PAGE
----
Criminal Justice

I Helped Put a Man in Prison for 25 Years and I Feel Horrible About It

Now I'm trying to make amends.

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As an undergrad, I felt lucky to nab an internship in the U.S. Attorney's Office at the Department of Justice. The job wavered between dull and discomfiting: listening in on prisoners' phone calls and attempting to identify the faces of 'suspicious' individuals on city surveillance camera footage.

But my biggest project was "Joe." Joe had a record; he'd been caught selling crack a few years before. He also had a conviction for a robbery in a different state when he was only 19. He got arrested again in the poor neighborhood where he lived, and a jury once again found him guilty of possession with intent to distribute crack cocaine.

A lowly intern, I worked diligently for a month, gathering all the evidence against Joe from his jury trial. A few days after my semester came to a close, the day of the sentencing hearing arrived. I was excited. I was young and degree-less, and I was going to get to see the culmination of my efforts in a U.S. District Court. I wore my best suit and heels and bragged to my parents about my plans for the day.

The government invoked the 1984 Armed Career Criminal Act (ACCA). Justice lawyers argued that Joe had three strikes against him. The judge was obligated to give Joe the mandatory minimum of 15 years. But prosecutors wanted more. They wanted Joe locked up for as long as possible, claiming that he was a danger to the community.

I arrived early and sat behind the prosecutor. Doors in the back right corner of the room opened and there—in chains and a jumpsuit—was Joe. I had seen pictures of him and even heard his voice many times while working with his case. But when I saw him in the flesh for the first time, my enthusiasm and pride congealed into something far more unpleasant—qualms about the justice and efficacy of the criminal justice system I'd been suppressing suddenly came to the forefront of my mind.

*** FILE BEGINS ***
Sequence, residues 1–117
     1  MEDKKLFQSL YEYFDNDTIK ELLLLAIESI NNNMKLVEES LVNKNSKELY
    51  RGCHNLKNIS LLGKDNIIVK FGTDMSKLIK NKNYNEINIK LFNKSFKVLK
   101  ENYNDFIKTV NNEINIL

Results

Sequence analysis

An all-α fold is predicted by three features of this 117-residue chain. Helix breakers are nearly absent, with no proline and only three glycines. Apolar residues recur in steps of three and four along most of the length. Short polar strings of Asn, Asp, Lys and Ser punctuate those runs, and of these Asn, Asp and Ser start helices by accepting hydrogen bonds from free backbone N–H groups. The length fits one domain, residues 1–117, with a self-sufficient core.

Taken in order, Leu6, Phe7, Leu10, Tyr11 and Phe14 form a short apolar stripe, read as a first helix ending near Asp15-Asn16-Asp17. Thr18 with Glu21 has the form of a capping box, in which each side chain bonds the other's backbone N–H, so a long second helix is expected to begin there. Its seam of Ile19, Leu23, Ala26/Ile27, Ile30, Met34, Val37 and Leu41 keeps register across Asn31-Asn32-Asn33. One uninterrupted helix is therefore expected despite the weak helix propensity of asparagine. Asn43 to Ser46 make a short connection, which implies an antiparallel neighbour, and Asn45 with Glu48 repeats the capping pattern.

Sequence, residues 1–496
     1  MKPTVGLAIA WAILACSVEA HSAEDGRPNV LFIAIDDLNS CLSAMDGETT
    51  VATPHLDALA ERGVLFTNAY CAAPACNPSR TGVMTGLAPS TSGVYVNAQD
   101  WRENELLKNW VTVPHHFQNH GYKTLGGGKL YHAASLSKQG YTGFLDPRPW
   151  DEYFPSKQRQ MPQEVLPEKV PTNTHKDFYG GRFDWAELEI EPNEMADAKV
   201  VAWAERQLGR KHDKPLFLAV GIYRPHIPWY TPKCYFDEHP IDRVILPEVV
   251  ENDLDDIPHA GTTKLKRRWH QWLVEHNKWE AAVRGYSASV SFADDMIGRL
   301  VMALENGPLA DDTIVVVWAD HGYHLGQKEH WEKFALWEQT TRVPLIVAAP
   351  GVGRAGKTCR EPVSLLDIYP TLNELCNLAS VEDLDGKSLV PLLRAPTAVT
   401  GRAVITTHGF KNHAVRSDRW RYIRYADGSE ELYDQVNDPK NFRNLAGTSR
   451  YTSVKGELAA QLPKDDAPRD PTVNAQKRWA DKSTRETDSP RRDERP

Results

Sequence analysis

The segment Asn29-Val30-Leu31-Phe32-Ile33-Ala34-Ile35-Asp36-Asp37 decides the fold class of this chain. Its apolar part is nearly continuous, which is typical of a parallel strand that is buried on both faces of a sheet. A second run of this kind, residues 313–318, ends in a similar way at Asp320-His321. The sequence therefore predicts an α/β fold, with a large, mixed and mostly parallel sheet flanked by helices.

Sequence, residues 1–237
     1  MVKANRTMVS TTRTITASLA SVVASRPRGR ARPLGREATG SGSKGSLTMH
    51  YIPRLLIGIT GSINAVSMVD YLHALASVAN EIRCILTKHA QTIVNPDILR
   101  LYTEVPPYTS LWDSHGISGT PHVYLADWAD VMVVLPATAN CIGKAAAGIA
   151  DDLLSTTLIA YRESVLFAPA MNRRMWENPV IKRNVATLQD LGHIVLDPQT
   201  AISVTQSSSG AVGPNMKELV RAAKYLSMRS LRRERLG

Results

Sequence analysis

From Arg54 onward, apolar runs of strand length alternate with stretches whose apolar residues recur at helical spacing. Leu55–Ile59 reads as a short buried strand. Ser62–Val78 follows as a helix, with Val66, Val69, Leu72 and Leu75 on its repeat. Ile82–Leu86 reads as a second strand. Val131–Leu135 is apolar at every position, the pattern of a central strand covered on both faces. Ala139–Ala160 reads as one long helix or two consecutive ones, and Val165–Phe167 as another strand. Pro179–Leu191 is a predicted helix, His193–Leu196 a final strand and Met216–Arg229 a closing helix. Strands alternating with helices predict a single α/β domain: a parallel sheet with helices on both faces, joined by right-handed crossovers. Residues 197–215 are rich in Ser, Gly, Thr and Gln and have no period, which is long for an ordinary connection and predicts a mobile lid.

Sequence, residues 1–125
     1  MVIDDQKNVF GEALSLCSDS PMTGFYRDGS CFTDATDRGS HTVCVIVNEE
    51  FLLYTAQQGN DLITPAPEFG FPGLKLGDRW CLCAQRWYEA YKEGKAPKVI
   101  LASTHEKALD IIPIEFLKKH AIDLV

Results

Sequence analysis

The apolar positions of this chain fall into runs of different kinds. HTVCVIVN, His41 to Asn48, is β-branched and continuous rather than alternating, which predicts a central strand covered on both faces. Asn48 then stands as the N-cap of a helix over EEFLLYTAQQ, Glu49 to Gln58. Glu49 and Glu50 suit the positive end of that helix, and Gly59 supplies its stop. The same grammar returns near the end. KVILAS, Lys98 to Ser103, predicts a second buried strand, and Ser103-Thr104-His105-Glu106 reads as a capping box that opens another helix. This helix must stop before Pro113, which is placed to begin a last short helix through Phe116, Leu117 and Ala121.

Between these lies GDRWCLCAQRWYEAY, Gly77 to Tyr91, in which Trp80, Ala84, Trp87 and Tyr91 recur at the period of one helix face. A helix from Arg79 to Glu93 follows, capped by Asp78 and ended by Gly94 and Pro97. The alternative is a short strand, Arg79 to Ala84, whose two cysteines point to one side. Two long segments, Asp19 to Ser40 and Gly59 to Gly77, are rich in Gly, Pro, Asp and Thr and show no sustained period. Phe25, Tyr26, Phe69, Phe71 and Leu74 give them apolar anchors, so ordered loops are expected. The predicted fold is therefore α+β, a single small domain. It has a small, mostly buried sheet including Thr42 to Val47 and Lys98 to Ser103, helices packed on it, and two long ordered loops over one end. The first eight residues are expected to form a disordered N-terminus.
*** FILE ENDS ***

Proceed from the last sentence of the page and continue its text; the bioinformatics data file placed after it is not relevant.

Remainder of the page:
Even before my internship inside of the Department of Justice, I knew that the U.S. incarcerates too many people, often for long terms that don't match up with the severity of the crime, but it was never real to me until that moment.

The hearing was over quickly. Joe got more than 25 years in federal prison, plus 6 years of post-prison supervision and a faintly ridiculous $3,500 in fines.

As I walked out of the courtroom, I knew the prosecutors were probably disappointed: Even though the judge had given Joe 10 years more than the law required, they'd asked for a full decade more. I was overrun with guilt. I had done that to Joe. Sure, I hadn't done it alone. But I'd worked hard to get a man locked in a metal cage for a quarter century and until right that minute I'd been unambiguously (and maybe even a bit smugly) proud of myself for it.

Now I'm trying to make amends. I have a new gig working on criminal justice reform for the Reason Foundation, the nonprofit that publishes Reason, doing research to help curtail overcriminalization and mass incarceration of Americans. I am working on state-level statutes and legislation that can be reformed to ease the strain on overpopulated prisons, overburdened taxpayers, and non-violent offenders. I regret my work compiling that file on Joe, but the reports I assemble from now on will be very different.

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  2. Get a flippin blog. We’re not your father confessor.

    1. Fuck off. I enjoyed the article. Do you ever post anything that isn’t whining?

      1. He’s got a point though. The quiet dignity of working at a non-profit to change an issue you feel strongly about kind of loses its quietness and its dignity if you make it all about yourself.

        1. I don’t know. If this is a one time mea culpa and then she works hard to write strong articles she is passionate about, I’m cool with it.

          1. Also, full disclosure isn’t a vanity thing – it’s something that’s pretty much required.

            Imagine if she hadn’t mentioned it, and then the DA triumphantly printed an article outing her as having helped him implement the policies she’s now criticizing!

          2. If she were really sincere, she’d have “Joe’s” case file in had assisting his defense appeal pro se.

            Saying your sorry is not as powerful as taking tangible action to make amends.

            1. She didn’t say she was an attorney.

              But sure, she can petition Obama for a pardon. He’s assured us he’s looking for excessive sentences to commute!